Who are the key financial actors that can lead the low-carbon transition in the fossil fuel industry? Much like the fossil fuel firms they invest in, actors in capital markets can play a central role in enabling or hindering the transition, by either shifting capital away from carbon-intensive industries, or aligning corporate governance with climate targets. What’s more, these financial actors don’t make up a large, unwieldy group. You can count them on two hands.
That’s what we found in our recent study, published in Environmental Innovation and Societal Transitions, where we mapped ownership dynamics between the 200 largest fossil fuel firms (colloquially known as the Carbon Underground 200) and their shareholders. Using a novel scoring mechanism, which blends the financial actor’s influence with their emissions exposure, we find that just ten actors—a mix of investment advisors, governments, and sovereign wealth funds—own 49.5 percent of the emissions potential from these 200 firms.
As alarm bells ring, production, emissions, and global temperatures continue a steady path toward climate catastrophe.
These ten actors, which include the likes of Blackrock and the Kingdom of Saudi Arabia, alone have the potential to shift the industry in a more sustainable direction. These actors may have inordinate influence in the industry due to the number of fossil fuel firms they invest in, the size of their holdings, or their exposure to potential emissions from the industry. Thus, engagement efforts by actors with less influence may fall short, without the support of these ten players. The results not only assert that financial markets can influence the trajectory of sustainability transitions but also exemplify that power is concentrated among just a handful of powerful and path-dependent financiers.
There is no question that we will fail to meet our global climate commitments if the fossil fuel industry does not dramatically reduce production. Achieving this, however, is a bit more complicated. Where credit is due, countries around the world have begun taking meaningful steps to taper the demand for fossil fuels through carbon pricing, energy retrofits, and electrification. But these actions alone have failed to constrict the relentless growth of the fossil fuel industry and its contributions to climate instability.
For meaningful climate action, demand-side climate solutions must also be complemented with supply-side interventions that limit the exploration, extraction, and transportation of fossil fuels, analogous to cutting with both arms of the scissors. There is a case to be made for such supply-side interventions—if the existing reserves of the 200 largest oil, gas, and coal are burned, it alone would surpass our global carbon budget three times over. It’s no wonder that climate scientists and policymakers alike have been calling for a rapid decline in greenhouse gas emissions for the better half of a century. Yet, as alarm bells ring, production, emissions, and global temperatures continue a steady path toward climate catastrophe.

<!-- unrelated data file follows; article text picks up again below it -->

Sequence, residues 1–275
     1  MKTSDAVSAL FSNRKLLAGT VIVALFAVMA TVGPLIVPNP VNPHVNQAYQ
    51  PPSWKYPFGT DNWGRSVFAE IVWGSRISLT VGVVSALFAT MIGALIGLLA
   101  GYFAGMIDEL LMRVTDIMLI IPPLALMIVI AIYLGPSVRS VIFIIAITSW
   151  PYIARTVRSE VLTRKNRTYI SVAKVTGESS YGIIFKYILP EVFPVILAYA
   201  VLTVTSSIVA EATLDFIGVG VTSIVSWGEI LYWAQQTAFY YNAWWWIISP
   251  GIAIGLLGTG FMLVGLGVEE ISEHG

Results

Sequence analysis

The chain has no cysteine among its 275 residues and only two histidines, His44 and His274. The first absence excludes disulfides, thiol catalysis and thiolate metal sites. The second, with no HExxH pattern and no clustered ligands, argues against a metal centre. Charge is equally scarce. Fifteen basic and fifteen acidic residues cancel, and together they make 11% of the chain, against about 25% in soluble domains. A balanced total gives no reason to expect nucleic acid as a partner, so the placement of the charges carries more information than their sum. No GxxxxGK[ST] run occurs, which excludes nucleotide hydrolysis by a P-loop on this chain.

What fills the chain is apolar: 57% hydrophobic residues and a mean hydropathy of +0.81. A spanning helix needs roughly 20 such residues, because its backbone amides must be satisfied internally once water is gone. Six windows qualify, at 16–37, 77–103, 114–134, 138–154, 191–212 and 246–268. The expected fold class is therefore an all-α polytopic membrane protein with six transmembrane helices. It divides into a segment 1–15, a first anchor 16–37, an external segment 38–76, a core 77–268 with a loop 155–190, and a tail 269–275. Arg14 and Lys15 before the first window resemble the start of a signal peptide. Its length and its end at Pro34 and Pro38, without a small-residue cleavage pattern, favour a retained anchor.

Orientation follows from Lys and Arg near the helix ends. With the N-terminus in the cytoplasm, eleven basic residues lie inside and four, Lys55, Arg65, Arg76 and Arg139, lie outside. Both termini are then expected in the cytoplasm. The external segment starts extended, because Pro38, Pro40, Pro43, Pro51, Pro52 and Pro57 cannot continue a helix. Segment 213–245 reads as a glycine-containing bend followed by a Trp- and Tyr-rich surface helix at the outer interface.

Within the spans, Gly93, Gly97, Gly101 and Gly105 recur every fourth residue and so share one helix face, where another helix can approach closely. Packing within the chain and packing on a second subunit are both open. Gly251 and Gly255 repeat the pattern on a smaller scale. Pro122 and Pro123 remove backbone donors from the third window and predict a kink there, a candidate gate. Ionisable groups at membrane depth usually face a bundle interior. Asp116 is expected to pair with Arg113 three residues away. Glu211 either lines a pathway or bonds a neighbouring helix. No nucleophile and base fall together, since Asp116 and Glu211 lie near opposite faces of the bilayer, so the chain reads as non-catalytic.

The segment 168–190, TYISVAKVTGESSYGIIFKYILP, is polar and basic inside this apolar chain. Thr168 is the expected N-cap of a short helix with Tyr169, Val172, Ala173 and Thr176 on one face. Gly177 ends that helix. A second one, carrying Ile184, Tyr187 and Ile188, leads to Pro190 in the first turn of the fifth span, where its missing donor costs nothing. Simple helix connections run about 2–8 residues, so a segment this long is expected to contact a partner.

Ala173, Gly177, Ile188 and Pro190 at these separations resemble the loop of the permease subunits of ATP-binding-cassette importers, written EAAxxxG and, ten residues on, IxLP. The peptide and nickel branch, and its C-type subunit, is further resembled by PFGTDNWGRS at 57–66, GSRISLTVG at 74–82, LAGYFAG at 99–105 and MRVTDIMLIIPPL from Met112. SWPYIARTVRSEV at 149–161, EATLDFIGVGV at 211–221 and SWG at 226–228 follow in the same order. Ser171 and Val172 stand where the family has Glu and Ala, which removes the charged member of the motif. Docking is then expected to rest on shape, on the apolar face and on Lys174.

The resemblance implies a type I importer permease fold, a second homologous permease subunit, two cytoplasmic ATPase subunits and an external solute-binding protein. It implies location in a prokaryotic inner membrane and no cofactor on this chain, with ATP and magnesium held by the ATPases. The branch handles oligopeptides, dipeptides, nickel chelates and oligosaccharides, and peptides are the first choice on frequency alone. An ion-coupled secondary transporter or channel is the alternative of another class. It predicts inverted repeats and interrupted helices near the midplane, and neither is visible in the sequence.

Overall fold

Attempting to curtail fossil fuel production through supply-side interventions will likely face formidable political constraints. With immense political power and institutional inertia, the fossil fuel industry is unlikely to restrict emissions alone and, perhaps more insidiously, will lobby to subdue effective climate policies that threaten business as usual. In Canada for example, the federal government maintains a “one eye shut” approach to climate policy, actively propping the industry with public financial support and weakened production targets.
This article was originally published by Ethical Systems. Illuminem Voices is a democratic space presenting the thoughts and opinions of leading Sustainability & Energy writers, their opinions do not necessarily represent those of illuminem.
Truzaar Dordi is an award-winning researcher and doctoral candidate in Sustainability Management at the University of Waterloo, working in the fields of climate finance, energy policy, and sustainability transitions. He is the Vice President for the Canadian Society for Ecological Economics and advisor on the University of Waterloo's Responsible Investment Advisory Group.